A Time of Grace and Celebration

Solemnity of the Immaculate Conception – December 8, 2012
Nový Dvůr becomes an abbey. Election and installation of the new abbot

In early December, everything was ready – or nearly so – to receive the Father Abbot of Sept-Fons, the Father Master (notary of the election), and the witnesses. On December 7, 2011, Brother Theophane would have turned fifty.1 The next day, on the feast of the Immaculate Conception, exactly 83 years after Father Jerome entered the monastery,2 the first snow and the early hour discouraged even the most faithful of guests. Only the monks were witnesses to the solemn act that made Nový Dvůr, founded nine years and a few months earlier, an abbey. Our friends remained present in our prayer and we in theirs. The professed signed, on the altar, the act written in Latin. Dom Patrick, Abbot of Sept-Fons, gave the homily:

(…) It was only fifteen years ago that there were ruins here of a beautiful farm in the Baroque style of architecture (…) Today, there is a community of Cistercian monks who, with courage and perseverance, live out the best they can their vocation of praise and intercession. What has been done is enormous, and all that remains to be done, may we never forget, has no other purpose than this: to let men whom God has called live a life of intimacy with Our Lord here, in prayer, thanks to our community, to work, to silence, and to separation from the world. (…) To tirelessly perform and never retreat from the tasks of daily life, beginning with the work of God; by using the monotonous and repetitive aspects of daily life to deepen them and to discover their hidden richness – this is how we last; by banking on true values: simplicity, openness, courage, patience – that’s what’s really solid. By acting like this, one can weather many storms, and when the unexpected knocks on the door, it does not surprise us, but rather finds us capable of facing all kinds of situations – and we come out of them stronger and wiser.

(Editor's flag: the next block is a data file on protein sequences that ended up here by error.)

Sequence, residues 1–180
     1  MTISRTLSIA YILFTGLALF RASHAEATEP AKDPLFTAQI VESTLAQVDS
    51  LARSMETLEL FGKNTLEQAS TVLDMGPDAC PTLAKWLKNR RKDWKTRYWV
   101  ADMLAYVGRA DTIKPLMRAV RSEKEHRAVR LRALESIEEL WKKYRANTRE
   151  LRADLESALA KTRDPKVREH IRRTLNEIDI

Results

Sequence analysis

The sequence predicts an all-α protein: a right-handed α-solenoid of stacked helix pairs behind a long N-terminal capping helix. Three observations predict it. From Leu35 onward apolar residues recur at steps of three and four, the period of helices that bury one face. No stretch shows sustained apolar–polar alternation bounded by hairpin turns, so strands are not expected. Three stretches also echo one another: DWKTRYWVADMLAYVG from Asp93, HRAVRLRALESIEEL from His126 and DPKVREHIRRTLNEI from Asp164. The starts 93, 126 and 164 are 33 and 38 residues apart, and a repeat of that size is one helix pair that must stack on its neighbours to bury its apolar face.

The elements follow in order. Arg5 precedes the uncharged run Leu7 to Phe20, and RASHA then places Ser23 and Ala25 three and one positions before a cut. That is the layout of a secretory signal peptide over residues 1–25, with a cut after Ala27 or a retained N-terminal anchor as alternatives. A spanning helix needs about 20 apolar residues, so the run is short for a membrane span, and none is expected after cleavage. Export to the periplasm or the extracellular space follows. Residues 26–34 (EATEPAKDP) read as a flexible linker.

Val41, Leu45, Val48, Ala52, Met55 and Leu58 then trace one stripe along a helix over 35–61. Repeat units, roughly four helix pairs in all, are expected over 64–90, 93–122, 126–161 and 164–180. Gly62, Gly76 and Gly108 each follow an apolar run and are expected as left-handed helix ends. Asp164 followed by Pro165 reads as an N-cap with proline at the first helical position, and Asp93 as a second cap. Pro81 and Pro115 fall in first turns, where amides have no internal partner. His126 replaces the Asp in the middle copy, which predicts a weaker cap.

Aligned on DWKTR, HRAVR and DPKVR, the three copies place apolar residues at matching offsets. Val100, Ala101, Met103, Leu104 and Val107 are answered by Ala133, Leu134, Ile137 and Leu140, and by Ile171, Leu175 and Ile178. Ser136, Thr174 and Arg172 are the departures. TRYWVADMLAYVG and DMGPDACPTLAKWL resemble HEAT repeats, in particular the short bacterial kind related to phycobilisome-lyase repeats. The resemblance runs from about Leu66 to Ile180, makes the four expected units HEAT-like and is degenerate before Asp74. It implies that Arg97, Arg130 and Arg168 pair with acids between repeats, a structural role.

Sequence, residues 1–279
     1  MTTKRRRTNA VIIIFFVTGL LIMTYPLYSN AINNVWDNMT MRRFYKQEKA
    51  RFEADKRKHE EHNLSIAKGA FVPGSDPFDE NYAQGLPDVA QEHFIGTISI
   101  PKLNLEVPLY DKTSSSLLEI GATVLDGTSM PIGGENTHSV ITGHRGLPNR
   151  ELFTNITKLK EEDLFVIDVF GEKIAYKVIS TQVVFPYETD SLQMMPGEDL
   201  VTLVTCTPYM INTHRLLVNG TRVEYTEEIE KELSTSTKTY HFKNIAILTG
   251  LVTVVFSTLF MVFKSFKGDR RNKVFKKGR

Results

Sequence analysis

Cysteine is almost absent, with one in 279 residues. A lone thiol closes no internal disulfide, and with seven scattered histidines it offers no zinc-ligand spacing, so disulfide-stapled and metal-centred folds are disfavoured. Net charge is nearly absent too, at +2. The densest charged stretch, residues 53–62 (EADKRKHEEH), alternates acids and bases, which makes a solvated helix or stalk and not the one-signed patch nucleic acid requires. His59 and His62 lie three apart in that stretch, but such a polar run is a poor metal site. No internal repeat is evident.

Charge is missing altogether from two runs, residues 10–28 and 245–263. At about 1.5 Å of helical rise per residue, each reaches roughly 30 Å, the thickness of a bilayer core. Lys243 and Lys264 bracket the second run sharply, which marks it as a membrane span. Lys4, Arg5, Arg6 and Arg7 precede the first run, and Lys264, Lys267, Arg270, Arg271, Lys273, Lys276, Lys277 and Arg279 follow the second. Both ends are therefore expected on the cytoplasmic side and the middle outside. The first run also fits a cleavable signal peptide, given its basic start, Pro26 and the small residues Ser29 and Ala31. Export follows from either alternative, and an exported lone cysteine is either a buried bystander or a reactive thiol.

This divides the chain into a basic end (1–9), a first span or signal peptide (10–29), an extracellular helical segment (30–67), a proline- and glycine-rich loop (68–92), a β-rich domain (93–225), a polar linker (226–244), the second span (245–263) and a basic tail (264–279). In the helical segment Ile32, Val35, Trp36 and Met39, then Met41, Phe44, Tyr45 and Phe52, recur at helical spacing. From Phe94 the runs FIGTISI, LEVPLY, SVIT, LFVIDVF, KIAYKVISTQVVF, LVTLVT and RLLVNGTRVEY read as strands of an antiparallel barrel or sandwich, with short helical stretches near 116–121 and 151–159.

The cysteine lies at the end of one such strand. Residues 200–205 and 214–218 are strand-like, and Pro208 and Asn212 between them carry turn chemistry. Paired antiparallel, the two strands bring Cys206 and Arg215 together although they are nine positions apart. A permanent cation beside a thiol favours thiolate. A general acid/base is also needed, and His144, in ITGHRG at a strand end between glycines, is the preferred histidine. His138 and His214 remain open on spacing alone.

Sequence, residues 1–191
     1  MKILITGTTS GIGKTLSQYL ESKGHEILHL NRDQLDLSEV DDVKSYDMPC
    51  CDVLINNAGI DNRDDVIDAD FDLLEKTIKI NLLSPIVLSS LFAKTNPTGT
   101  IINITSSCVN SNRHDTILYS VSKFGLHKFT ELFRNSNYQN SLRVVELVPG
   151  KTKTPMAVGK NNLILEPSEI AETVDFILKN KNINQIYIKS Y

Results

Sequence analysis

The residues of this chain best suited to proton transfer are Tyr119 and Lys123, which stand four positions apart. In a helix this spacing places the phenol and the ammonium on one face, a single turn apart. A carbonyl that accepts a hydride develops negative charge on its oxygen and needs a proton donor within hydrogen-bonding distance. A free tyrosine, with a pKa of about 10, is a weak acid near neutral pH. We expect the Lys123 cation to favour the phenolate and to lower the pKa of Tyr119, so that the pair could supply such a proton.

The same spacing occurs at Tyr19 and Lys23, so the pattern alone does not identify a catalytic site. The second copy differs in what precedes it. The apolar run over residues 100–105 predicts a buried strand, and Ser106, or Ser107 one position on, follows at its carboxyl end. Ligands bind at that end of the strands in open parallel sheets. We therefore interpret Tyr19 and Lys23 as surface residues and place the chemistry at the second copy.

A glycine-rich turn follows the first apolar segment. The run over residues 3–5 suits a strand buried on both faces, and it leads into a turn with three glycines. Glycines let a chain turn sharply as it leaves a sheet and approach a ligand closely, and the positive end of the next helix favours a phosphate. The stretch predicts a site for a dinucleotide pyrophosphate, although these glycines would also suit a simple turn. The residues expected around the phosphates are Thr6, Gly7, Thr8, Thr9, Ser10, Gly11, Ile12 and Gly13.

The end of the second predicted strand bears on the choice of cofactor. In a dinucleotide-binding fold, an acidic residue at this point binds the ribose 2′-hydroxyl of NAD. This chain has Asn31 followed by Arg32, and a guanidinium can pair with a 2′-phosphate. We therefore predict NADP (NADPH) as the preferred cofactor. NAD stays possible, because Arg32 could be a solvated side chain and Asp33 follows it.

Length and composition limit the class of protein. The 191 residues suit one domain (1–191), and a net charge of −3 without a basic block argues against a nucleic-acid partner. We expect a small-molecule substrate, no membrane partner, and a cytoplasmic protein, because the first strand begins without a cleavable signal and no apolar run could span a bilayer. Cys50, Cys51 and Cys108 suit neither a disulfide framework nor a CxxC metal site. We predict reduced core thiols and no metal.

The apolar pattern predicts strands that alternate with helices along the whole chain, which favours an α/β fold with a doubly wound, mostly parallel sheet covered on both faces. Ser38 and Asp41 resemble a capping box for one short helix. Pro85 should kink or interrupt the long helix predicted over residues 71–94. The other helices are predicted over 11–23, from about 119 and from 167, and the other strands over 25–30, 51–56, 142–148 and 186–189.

Up to this point in time, God has blessed your monastery with all kinds of blessings; at the same time, he has not spared you the trials that make people grow, who know how to recognize his hand. We have faith that He will continue, through joys and pains, His blessings to the new abbey, provided that the monks who have chosen to live there do so honestly, with confidence, and without looking back.

Election and installation of the first abbot of Nový Dvůr

Then we proceeded with the election, and the result was no surprise to anyone. He who had been the superior of the foundation before becoming prior was chosen by his brothers – in spite of his character (our bishop reminded him of this aspect of his temperament in the homily of his abbatial benediction). Nobody at Nový Dvůr has any illusions about the perfection of the man who governs, nor of that of his brothers. The new abbot was installed in his duties and the brothers promised him obedience. Fr. Augustin was named prior. As for Fr. Romaric, he retained his responsibility as sub-prior; it was the same for the cellarer, the guestmaster, and the under-master. When there is no reason to change, said the Blessed Mary of the Incarnation, missionary to Canada, that in itself is a reason not to change. Here is what Dom Samuel said: